“Live in NYC” sees the first full live album from the seminal alternative rockers, and captures them in excellent form in a free circus themed New York extravaganza on their ‘Theatre of Escapists’ trek. The quartet of Perry Farrell (vocals), Dave Navarro (guitar), Stephen Perkins (drums) and Chris Chaney (bass) follow up their recent album “The Great Escape Artist”.
Opening with ‘Whores’, one of the first Jane’s Addiction songs from way back in 1985, although it wasn’t released until given the Trent Reznor production treatment as part of the “NINJA” tour sampler. The band spend the next hour plus on a setlist of such calibre, that many other bands would struggle to come up with something similar. The set is heavily based on the first period of the band, with the vast majority of songs coming from the “Nothing’s Shocking” and “Ritual De Lo Habitual”. A strange choice coming from a tour in support of a new album, featuring only the one new song, but ‘Irresistible Force’ fits in well with a set otherwise packed with classics.
Aside from the great choice of songs, the band seem on particularly fine form, with vocalist / scene icon / Lollapolooza founder Farrell being much more interactive with the crowd than when I have seen them. One piece at the end of ‘Been Caught Stealing’ about being a rich rock star seems to fall a bit flat, but a cheap pop about loving New York City brings the crowd back onside for the rest of the set.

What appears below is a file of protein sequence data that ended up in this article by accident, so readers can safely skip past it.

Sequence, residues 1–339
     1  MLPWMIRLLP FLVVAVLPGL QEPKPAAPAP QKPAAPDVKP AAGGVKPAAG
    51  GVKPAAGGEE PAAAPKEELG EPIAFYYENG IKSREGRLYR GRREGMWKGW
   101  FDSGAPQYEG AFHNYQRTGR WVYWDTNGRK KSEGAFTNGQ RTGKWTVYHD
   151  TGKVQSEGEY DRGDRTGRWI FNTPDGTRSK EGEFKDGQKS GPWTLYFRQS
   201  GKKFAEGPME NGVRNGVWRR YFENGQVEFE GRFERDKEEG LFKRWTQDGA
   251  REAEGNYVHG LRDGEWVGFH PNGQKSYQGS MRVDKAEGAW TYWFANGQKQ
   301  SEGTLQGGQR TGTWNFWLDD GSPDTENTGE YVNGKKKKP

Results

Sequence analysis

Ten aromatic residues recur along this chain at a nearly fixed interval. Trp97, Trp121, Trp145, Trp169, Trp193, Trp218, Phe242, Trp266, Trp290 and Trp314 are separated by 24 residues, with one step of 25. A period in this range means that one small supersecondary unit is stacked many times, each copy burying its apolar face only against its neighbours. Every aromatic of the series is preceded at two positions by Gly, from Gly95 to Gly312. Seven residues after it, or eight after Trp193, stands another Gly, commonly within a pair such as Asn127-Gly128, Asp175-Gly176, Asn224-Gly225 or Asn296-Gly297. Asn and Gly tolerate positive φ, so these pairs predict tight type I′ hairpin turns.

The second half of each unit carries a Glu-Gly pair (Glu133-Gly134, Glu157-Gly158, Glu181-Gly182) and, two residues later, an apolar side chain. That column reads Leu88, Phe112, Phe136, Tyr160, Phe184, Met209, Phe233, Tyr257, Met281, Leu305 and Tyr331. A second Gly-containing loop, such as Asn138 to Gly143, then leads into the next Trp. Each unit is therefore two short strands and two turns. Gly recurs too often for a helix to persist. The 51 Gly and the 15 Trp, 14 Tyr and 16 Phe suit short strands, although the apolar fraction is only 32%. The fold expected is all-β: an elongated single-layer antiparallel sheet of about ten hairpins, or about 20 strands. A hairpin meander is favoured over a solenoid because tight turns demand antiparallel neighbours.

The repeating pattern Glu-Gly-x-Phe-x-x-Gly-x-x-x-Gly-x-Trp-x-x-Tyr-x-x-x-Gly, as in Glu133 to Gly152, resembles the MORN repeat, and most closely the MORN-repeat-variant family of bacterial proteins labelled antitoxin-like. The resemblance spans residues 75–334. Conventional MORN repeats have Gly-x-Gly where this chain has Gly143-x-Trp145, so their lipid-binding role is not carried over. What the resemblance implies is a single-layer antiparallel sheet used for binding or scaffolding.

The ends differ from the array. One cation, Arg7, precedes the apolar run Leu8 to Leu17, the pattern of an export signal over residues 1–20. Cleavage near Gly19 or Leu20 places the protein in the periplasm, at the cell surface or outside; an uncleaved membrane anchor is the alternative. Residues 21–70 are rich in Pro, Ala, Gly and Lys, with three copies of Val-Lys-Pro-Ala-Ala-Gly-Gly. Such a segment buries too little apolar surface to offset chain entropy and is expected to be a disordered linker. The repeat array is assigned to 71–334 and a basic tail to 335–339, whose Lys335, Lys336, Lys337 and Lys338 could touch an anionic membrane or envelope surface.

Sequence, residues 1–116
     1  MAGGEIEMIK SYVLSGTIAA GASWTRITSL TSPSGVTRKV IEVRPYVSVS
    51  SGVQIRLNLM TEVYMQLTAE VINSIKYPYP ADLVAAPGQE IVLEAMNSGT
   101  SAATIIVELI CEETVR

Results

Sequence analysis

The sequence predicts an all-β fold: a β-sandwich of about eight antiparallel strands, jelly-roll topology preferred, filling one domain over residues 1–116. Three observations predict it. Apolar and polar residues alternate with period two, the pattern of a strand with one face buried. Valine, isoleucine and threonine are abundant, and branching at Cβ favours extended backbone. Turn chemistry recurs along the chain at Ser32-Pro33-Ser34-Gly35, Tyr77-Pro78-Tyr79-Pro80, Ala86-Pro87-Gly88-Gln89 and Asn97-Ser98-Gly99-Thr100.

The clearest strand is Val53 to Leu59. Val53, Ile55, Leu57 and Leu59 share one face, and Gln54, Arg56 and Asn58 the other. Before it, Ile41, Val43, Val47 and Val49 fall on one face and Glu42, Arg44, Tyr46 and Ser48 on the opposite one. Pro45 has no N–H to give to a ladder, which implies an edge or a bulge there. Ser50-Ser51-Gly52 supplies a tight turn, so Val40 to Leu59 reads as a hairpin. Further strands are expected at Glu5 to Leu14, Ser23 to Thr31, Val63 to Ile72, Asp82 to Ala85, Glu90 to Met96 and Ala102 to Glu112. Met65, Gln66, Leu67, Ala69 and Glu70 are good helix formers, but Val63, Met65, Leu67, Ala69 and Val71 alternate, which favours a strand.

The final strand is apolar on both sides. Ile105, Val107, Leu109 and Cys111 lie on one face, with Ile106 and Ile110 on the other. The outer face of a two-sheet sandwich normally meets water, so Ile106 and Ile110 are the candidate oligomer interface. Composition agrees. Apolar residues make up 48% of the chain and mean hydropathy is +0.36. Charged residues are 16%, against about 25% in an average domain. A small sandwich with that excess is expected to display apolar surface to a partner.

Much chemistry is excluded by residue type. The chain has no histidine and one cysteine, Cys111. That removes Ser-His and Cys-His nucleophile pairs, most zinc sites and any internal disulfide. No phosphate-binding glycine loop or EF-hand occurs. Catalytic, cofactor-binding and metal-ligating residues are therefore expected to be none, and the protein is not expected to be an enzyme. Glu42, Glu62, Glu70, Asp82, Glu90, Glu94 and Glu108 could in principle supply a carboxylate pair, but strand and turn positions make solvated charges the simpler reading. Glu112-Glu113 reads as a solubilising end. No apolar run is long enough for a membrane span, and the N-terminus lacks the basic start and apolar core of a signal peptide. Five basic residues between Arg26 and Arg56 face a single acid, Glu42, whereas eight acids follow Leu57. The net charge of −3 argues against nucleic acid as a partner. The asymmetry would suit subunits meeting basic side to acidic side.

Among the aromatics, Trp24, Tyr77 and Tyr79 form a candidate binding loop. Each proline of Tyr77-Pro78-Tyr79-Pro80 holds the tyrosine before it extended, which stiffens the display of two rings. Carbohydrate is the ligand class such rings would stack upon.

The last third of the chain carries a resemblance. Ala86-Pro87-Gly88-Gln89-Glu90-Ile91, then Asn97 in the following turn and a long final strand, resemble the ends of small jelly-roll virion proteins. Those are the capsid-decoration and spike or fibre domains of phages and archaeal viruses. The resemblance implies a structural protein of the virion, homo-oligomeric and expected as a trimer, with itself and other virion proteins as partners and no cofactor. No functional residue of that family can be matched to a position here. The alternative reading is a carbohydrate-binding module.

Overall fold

An impressive closing trilogy of ‘Mountain Song’, ‘Stop’ and ‘Jane Says’ is yet another reminder of how important Jane’s Addiction were to a fledgling scene which helped spawn some of the biggest bands of their generation. I only had access to the audio for this show for the purposes of this review, but that is enough to convince me to put on the ever growing list for next payday. The circus element may not be as apparent on the CD, but from what I have read, the DVD seems to be quite an extraordinary show.
Jane’s Addiction may never have been the busiest, most prolific band around, but they definitely show that quality is more important than quantity, and this disc is a worthwhile purchase for anyone with any interest in the early nineties US scene. Partly a nostalgic throwback to the days when MTV (Europe) played music and 120 minutes and Alternative Nation were almost religious viewing, as well as being proof that there is plenty of life left in the band, long may they continue.